Ukrainian lawmakers have imposed a language quota on the country’s radio stations.
Under the new law, at least 25% of a radio station’s daily playlist will have to be in the Ukrainian language, rising to 30% in a year’s time and 35% the following year. TV and radio broadcasters are also required to ensure that 60% of programming is in Ukrainian.
According to research carried out by Ukrainian newspaper Ukrainska Pravda in 2012, in that year only 3.4% of the songs played were in Ukrainian.
Ukrainian is Ukraine’s sole official language, although the majority of the population can speak Russian, with around a third of the population considering Russian their mother tongue. According to a statement by the government, the new quota has been brought in partly to weaken “separatist moods”.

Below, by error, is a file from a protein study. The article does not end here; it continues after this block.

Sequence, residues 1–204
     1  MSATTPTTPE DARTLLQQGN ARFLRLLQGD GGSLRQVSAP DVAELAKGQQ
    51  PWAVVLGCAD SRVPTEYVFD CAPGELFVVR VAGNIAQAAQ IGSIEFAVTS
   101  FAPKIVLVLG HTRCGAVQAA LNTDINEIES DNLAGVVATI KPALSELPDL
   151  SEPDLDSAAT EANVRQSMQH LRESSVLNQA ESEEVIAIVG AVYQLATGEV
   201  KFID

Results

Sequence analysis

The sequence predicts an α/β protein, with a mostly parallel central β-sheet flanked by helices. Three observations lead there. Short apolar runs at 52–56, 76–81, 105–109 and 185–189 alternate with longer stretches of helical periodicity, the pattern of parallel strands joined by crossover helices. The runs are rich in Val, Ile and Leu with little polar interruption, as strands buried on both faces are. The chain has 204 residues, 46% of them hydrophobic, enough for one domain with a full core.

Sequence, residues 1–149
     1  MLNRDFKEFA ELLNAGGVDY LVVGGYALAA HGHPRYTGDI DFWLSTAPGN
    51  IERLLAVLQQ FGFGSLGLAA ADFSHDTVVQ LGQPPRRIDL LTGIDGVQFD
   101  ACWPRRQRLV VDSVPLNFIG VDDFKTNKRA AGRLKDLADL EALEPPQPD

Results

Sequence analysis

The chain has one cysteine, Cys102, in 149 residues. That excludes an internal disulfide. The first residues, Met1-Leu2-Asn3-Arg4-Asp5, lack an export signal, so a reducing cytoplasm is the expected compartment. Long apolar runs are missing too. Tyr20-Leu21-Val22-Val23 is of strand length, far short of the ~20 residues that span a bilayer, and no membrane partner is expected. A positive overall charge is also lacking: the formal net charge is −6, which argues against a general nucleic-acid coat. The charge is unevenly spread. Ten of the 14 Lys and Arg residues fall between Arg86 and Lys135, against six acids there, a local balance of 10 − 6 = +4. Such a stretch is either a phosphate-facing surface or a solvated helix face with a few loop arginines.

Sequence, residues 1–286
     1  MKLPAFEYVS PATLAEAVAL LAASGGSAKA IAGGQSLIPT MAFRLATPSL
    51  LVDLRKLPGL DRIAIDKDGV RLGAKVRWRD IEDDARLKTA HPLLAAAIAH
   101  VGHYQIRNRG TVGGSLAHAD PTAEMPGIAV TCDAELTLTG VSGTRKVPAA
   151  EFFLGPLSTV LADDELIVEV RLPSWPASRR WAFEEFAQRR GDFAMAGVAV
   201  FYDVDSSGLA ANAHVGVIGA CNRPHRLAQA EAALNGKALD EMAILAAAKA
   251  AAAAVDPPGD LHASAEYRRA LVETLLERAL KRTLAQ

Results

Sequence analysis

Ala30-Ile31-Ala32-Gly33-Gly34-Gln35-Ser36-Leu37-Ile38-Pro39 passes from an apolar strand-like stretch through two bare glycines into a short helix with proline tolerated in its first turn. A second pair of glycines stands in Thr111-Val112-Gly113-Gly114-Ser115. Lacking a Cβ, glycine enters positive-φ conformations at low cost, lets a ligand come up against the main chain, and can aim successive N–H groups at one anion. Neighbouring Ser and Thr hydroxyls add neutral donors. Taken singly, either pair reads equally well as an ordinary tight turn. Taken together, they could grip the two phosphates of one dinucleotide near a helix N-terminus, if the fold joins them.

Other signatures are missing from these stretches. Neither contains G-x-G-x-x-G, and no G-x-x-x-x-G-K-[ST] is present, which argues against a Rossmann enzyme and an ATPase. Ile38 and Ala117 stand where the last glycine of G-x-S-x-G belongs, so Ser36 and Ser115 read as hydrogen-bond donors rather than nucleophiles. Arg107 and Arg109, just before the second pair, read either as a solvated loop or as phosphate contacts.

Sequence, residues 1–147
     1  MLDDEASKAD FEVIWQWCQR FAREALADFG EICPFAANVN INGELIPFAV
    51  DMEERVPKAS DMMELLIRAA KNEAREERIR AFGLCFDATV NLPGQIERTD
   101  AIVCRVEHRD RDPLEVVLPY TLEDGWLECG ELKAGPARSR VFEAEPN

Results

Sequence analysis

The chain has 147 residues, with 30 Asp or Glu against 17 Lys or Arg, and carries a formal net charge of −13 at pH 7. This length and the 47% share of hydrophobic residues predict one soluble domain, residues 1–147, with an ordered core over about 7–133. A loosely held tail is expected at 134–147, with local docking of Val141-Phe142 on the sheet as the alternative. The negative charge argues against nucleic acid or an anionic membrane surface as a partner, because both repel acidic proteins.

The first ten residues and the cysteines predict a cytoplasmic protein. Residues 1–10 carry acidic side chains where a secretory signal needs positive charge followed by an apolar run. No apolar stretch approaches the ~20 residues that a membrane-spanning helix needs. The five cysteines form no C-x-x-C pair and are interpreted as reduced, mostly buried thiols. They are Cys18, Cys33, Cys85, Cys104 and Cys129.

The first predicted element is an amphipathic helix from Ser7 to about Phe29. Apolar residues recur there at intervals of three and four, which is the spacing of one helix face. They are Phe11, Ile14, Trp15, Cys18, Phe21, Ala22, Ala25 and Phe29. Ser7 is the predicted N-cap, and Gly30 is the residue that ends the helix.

Ukrainian President Petro Poroshenko has expressed his support for the quota, using social media to call on the population to share their favourite Ukrainian song. The president himself chose a song by rock band Okean Elzy, commonly associated with Ukraine’s Orange Revolution and Euromaidan movements.
Opposition politicians, as well as some musical groups, have voiced opposition to this move, arguing that listeners should be able to choose what they listen to, and that such quotas only serve to be divisive.
Source: BBC News